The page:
Primarily for general aviation discussion, but other aviation topics are also welcome.
#1655302
Flight Radar 24 (other spotter sites avail) has some huge low level gaps in coverage. Parts of the SE especially.

I offered to host a receiver but was told there was no need.
If he's got a transponder then he has to operate it, no matter what airspace he's in.....

The point here I believe is that it's Glass G hence a 'should' not a 'must'.
#1655328
CloudHound wrote:I offered to host a receiver but was told there was no need.


You don't need to ask. Just put one together yourself with a Raspberry Pi and an SDR dongle. You can use a Pi Zero W, and have the whole shebang up and running for under 20 quid. I have two stations, one in Guildford, one in Wales.

CloudHound wrote:
If he's got a transponder then he has to operate it, no matter what airspace he's in.....

The point here I believe is that it's Glass G hence a 'should' not a 'must'.


I thought SERA = must?
PaulSS liked this
User avatar
By Dave W
#1655332
You're right, Paul. The regulation is explicit that it applies everywhere (My bold).
SERA.13001 Operation of an SSR transponder
(a) When an aircraft carries a serviceable SSR transponder, the pilot shall operate the transponder at all times during flight, regardless of whether the aircraft is within or outside airspace where SSR is used for ATS purposes.
Flyin'Dutch' liked this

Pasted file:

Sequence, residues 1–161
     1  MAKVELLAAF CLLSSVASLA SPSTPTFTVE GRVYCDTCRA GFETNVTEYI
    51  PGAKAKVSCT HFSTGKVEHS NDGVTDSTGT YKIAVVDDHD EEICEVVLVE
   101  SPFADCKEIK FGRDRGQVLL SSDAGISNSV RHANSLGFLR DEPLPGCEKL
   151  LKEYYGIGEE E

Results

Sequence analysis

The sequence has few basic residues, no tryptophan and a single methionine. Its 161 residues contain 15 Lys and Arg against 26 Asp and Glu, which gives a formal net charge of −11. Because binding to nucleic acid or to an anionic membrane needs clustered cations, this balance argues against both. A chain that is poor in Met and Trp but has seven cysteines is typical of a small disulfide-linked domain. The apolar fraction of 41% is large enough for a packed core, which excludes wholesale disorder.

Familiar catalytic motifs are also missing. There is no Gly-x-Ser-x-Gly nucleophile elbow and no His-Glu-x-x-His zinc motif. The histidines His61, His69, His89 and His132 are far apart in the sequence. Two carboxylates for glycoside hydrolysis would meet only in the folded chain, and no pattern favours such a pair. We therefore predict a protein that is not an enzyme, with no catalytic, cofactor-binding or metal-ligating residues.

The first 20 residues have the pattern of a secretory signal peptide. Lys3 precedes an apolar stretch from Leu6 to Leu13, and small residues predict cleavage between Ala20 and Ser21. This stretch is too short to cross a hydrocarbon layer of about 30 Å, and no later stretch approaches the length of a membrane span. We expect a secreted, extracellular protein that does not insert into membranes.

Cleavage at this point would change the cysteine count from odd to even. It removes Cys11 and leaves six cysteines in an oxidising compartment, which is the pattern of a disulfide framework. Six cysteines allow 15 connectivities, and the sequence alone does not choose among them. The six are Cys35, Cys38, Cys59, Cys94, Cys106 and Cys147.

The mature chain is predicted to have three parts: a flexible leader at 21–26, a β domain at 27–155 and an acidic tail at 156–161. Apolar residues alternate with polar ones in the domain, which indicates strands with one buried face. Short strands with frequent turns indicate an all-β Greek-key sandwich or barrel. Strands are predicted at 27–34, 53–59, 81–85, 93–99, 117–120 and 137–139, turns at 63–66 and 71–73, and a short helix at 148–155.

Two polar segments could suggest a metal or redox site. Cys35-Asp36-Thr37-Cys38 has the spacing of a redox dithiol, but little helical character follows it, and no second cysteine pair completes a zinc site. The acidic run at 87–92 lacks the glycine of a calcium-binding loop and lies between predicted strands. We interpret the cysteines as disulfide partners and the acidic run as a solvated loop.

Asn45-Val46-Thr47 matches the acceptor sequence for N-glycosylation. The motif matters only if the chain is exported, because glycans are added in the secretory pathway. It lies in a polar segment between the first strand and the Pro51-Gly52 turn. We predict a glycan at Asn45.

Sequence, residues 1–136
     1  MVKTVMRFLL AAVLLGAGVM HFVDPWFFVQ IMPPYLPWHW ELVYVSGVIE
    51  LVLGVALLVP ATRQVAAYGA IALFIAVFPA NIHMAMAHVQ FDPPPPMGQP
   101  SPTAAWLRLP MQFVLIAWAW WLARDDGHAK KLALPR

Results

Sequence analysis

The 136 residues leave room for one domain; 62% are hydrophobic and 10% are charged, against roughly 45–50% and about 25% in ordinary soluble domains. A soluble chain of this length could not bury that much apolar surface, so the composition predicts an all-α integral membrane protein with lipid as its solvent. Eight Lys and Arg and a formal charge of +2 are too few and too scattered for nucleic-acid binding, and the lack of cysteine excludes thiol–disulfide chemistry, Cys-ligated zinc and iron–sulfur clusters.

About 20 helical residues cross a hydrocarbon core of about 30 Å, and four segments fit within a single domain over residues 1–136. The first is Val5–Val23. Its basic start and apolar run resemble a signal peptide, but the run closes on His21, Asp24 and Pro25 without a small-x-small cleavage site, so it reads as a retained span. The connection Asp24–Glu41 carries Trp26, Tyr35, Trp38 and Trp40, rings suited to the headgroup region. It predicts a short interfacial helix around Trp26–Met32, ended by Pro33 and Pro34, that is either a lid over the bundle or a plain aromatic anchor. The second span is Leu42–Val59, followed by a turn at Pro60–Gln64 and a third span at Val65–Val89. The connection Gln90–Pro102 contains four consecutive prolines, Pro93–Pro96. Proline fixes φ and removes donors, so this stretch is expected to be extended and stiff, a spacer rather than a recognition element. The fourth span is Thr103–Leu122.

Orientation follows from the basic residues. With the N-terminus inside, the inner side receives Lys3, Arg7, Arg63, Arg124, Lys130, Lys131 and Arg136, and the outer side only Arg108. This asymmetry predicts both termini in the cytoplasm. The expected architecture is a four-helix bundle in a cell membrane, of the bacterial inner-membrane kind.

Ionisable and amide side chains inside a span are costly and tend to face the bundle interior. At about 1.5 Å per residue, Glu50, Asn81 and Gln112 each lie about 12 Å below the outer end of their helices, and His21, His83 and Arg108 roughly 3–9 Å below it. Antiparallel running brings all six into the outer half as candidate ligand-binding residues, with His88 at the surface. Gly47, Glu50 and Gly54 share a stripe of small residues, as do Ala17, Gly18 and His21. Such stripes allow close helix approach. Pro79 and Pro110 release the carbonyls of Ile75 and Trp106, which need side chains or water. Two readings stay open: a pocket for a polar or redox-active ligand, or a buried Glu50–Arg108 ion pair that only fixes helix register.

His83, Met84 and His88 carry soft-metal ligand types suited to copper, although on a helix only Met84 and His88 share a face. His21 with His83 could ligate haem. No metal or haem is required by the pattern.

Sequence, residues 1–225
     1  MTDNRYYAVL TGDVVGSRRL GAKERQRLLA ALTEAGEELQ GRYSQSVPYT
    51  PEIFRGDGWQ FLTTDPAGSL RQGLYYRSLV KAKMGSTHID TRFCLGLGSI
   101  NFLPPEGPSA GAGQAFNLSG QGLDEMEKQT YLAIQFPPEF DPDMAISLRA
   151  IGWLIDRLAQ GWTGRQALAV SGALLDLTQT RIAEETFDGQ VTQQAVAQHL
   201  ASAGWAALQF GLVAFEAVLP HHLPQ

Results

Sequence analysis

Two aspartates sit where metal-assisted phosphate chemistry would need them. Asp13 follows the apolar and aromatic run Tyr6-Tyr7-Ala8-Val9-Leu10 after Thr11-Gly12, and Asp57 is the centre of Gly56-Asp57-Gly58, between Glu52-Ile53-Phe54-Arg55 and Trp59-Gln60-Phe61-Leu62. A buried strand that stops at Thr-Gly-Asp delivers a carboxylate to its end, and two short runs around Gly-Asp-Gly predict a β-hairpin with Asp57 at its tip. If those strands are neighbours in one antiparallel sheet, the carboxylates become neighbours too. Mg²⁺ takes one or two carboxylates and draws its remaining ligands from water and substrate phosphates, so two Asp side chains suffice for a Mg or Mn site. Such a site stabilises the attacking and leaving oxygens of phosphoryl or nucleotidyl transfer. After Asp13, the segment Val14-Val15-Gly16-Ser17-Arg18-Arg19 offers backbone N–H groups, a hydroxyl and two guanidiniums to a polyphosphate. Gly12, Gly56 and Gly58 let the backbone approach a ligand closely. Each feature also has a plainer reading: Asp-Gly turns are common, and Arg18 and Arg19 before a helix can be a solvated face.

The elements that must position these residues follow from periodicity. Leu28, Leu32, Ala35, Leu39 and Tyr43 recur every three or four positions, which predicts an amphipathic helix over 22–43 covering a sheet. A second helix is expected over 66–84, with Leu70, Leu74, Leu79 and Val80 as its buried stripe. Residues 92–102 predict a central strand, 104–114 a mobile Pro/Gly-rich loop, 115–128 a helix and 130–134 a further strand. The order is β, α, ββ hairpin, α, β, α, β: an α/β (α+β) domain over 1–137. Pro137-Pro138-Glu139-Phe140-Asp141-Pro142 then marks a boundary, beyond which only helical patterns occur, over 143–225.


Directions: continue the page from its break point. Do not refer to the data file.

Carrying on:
#1655341
Flyin'Dutch' wrote:
proteus wrote:As it's a helicopter, if he's operating within the curtilage of his property the 28day planning change of use does not apply.

Neither will movement numbers.


Out of curiosity what does that mean in practice?


If he's within his garden he can come and go as much as he likes. He does not need change of use planning permission as would be needed for a field. Or a certificate of lawful use. The 28 day rule as mentioned applies to agricultural fields and change of use. Often people operate their helicopters within their garden so the 28 day rule does not apply.

The same would apply to fixed wing if one had a large enough garden.

The OP question was about limitations in the numbers of take off / landings.
Flyin'Dutch' liked this
#1655429
Gertie wrote:Proteus may or may not be right - haven't a clue - but he's used the magic word "curtilage" which nobody except expert planning lawyers is likely to interpret correctly.


Indeed so. The phrases 'curtilage of the property' and 'open land' in the BHA guidelines would have property lawyers rubbing their hands in glee. I think they probably mean 'domestic curtilage' and 'agricultural land' but even then there's any amount of debate to be had about the definition of those terms. The curtilage of a farm, for example, is the farm. Its domestic curtilage is (probably) just its garden.
#1655438
So to summarise:
- Helicopter from garden: entirely legal, can come and go as often as pleases.
- Must use a transponder if he has one.
- No way for you to confirm whether he is using a transponder, unless you are another aircraft with TCAS (and are flying) or you have a secondary radar handy within line of sight (both of which the transponder would reply to). You might be able to positively confirm (but lack of receipt doesn't prove he has it turned off) if you receive an ADS-B signal from him (via some sort of ground station) when in line of site of one (such as FR24 or your own SDR dongle).